Liz Truss, the prime minister of thw United Kingdom has vowed to act swiftly on pressing issues like a sagging economy and skyrocketing energy prices that have been put on the back burner since July 7 when her predecessor, the embattled Boris Johnson, announced that he was stepping down.
On Tuesday, Queen Elizabeth II will invite Ms. Truss to form a government in her name — a ceremonial event known as “kissing hands” — at Balmoral, her castle in Scotland.
It will be the first time in her 70-year reign that the installation of a new prime minister will not occur at Buckingham Palace in London. The change was made over concerns about the health and mobility of the 96-year-old monarch.
Ms. Truss won the Conservative vote over her main rival, former Treasury chief Rishi Sunak, with a tough-sounding plan of action meant to echo her conservative predecessor, former Prime Minister Margaret Thatcher.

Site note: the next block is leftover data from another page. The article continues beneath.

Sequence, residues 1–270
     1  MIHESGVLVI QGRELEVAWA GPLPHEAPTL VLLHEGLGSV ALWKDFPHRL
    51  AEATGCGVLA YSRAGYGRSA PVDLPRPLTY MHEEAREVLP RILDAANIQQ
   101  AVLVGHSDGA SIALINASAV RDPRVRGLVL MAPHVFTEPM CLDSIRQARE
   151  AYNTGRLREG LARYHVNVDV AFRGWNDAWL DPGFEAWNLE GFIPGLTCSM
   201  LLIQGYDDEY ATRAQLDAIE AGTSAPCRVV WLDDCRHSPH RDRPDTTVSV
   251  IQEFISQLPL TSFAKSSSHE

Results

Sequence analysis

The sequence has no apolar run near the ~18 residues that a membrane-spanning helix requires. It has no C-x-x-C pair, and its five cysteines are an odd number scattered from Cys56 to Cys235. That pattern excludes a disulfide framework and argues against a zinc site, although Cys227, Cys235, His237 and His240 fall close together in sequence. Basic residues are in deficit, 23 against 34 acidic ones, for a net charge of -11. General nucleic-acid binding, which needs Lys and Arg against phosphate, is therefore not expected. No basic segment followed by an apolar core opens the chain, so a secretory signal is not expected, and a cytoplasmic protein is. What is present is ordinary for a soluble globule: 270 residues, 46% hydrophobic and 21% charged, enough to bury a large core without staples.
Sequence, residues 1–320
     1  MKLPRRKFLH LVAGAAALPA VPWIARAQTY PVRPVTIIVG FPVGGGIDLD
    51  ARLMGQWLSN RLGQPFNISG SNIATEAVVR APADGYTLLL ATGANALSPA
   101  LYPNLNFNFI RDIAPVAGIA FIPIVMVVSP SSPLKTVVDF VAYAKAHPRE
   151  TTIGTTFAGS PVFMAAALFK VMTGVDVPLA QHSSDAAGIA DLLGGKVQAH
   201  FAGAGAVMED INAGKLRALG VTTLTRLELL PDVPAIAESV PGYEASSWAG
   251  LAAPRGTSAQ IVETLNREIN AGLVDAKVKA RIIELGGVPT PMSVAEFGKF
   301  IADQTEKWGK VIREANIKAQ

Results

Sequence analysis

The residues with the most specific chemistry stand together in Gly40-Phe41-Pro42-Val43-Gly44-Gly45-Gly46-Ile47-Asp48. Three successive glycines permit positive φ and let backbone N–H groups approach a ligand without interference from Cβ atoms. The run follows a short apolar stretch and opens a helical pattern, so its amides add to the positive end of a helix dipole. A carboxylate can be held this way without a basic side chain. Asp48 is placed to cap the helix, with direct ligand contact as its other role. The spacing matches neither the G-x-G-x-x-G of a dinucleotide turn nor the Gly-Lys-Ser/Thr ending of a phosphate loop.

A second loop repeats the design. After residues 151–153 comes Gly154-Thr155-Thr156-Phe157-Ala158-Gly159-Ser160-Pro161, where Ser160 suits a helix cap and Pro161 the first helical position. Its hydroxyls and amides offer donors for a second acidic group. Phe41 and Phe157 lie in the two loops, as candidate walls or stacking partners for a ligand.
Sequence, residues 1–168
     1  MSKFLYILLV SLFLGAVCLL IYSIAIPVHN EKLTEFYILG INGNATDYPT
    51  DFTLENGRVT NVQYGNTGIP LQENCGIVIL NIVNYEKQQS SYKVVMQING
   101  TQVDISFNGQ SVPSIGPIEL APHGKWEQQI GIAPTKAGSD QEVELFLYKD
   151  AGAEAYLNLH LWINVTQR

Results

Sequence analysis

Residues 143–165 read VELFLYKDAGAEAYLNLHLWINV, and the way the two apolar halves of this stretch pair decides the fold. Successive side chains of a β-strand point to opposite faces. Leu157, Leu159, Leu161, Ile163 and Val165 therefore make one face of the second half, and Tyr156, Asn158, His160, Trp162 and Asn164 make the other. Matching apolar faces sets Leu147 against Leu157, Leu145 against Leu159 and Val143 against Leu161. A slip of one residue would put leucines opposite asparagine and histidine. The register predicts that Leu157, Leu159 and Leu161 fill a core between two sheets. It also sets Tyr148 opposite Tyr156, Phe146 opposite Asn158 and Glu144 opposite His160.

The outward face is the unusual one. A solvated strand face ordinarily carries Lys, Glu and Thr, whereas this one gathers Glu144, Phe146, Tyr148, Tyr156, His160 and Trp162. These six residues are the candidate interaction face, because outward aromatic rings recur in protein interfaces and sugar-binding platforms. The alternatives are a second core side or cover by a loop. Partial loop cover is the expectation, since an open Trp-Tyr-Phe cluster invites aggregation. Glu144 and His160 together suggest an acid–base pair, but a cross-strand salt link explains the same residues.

“Our beliefs resonate with the British people. Our beliefs in freedom, in the ability to control your own life, in low taxes (and) in personal responsibility,” she said Monday, following the announcement by Conservative officials that she had won the vote to lead their party and therefore become the UK’s next head-of-government.
“As your party leader, I intend to deliver what we promised those voters right across our great country,” Ms. Truss said.
In a statement, outgoing Prime Minister Boris Johnson offered congratulations for what he called her “decisive win.”
“I know she has the right plan to tackle the cost of living crisis, unite our party, and continue the great work of uniting and leveling up our country,” Mr. Johnson said. “Now is the time for all Conservatives to get behind her 100%.”
Mr. Johnson said he was proud of the work his government accomplished over the past three years, from pushing through Brexit — the withdrawal of the U.K. from the European Union — to overseeing the country’s battle against COVID-19 and providing vital assistance to Ukraine following Russia’s invasion in February.